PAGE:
Then last December, as dark fell, behind the stone walls of the French Institute, yet another performance was underway, a play called Heartbeat: Silence After the Explosion. The play was a condemnation of suicide attacks.

During the play, there was suddenly an explosion and the theater filled with smoke. A 16-year-old suicide bomber dispatched by the Taliban had detonated himself inside the auditorium. The lights went out and hundreds of spectators were thrown to the ground. A German man was killed. Later an Afghan journalist who was filming the play died of his injuries in hospital. Twenty people were wounded. The founder of the Afghanistan National Institute of Music had shrapnel lodged in his head, forever damaging the hearing of a man whose life was built on his love of music. The roof collapsed. Witnesses described blood and pieces of human flesh splattered on the walls.

It was only one of many violent incidents last year in Kabul, but it is the one that most transparently shows what Islamic extremists are after, and what is at stake. The French Institute is a living, breathing oasis of free expression, free association and free ideas, a place for artists who sought to spread a message of non-violence, who sought out a place for civilization to be played out by people arguing ideas with words and creativity, rather than at the point of a gun.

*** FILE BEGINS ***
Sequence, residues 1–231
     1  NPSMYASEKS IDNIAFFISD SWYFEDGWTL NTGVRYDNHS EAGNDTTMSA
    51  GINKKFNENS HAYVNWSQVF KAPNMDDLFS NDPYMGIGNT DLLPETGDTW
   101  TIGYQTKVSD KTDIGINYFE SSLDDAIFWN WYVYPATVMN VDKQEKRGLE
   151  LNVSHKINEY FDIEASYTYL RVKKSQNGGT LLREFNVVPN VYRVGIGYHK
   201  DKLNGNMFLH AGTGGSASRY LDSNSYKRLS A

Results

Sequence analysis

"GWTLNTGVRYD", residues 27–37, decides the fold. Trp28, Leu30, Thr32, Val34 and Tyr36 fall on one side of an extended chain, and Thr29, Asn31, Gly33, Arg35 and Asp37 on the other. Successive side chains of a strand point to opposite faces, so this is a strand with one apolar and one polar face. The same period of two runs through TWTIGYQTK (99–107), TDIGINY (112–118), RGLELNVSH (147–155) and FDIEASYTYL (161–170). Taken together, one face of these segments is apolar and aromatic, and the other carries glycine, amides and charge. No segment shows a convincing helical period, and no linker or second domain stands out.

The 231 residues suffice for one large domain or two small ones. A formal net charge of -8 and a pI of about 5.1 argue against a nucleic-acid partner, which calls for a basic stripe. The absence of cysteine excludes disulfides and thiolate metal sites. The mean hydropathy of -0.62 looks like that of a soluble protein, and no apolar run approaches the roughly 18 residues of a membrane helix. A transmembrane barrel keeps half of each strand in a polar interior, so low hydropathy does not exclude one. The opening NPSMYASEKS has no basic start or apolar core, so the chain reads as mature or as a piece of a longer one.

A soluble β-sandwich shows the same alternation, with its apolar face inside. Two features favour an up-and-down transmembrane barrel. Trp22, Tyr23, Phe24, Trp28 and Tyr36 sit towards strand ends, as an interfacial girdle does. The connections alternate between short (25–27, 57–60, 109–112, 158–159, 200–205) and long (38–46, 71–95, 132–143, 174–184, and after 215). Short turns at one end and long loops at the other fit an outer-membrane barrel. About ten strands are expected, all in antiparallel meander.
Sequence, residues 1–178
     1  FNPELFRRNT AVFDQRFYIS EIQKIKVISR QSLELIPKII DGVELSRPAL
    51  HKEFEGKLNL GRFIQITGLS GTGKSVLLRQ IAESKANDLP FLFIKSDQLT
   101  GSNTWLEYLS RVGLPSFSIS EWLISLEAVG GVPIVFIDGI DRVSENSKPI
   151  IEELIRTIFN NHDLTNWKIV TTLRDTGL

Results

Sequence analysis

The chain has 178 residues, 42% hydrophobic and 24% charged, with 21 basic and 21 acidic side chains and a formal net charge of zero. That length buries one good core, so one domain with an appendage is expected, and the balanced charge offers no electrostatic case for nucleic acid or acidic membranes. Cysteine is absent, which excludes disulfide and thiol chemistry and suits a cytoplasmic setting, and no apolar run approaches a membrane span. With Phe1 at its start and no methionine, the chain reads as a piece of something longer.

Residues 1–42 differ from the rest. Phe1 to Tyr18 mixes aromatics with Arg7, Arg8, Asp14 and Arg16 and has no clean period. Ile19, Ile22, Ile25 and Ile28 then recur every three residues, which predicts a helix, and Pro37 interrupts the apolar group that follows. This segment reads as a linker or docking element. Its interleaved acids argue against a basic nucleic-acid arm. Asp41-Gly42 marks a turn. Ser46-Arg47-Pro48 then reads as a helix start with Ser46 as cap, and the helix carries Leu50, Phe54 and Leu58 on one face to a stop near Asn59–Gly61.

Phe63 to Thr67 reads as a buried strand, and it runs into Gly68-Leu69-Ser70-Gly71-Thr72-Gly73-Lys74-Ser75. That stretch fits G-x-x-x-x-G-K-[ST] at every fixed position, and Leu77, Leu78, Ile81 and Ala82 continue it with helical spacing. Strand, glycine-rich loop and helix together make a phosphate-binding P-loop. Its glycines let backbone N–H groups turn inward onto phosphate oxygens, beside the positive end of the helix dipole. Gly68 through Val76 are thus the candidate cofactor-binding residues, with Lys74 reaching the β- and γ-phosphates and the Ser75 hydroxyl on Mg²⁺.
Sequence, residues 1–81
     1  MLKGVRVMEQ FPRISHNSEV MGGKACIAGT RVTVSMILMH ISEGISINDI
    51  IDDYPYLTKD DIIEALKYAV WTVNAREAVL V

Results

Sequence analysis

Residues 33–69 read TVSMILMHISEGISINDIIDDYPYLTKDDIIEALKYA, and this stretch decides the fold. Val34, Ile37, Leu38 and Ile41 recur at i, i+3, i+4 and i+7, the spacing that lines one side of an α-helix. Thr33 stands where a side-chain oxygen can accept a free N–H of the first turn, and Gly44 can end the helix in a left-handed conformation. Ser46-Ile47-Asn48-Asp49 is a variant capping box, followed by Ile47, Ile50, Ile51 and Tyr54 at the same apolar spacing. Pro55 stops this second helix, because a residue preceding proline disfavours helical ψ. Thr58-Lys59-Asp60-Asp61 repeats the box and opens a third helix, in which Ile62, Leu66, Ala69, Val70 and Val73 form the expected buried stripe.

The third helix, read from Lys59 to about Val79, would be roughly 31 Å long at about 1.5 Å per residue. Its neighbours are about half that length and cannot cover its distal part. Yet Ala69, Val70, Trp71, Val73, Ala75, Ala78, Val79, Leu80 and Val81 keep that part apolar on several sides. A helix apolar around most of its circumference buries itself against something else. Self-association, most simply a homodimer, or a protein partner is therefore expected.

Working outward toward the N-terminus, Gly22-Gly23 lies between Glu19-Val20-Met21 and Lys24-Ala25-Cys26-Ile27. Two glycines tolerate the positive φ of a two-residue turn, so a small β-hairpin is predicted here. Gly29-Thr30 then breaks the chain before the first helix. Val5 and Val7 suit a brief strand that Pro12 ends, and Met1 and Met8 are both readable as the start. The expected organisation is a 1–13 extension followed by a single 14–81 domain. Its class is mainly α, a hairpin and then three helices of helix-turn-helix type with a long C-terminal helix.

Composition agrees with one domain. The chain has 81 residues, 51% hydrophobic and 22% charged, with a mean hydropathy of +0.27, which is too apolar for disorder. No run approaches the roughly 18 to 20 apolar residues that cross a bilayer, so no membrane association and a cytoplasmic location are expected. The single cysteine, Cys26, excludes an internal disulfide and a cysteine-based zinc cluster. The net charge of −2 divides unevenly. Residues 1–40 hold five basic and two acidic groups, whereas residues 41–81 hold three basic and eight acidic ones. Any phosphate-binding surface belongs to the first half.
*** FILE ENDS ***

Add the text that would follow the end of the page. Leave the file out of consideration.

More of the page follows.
These sites of free thought threaten Islamo-fascists as much as the well-armed armies of their enemies do. And the Taliban's reasons for bombing the French Institute are the same as the Islamic State's reasons for targeting a concert hall, a sports stadium and restaurants in Paris. These are points of light that threaten to cut through the dark shroud the terrorists seek to pull over the world. They are places where people go to be free.

My heart grieves for Paris. There are no words of comfort for those who lost the people they love when these 129 deaths came from such senselessness, from such monstrosity. There is nothing that will make it better. So I say this not to offer solace, but because I have seen the nature of open societies, and I have also seen the nature of the close-minded, of the deathcult. ISIS has committed their gravest strategic mistake yet. They have mistaken secular, liberal democracies as enfeebled by the weight of catering to the will of the masses, the density of deliberation, the intricacy of due process. They mistake humanity for weakness. Their goal was to compel a cowering of the French, a retreat. That is not what they will get. People who have known what it is to live in a free society come to value the taste of it. They will defend it. They will roar. And may they have no mercy.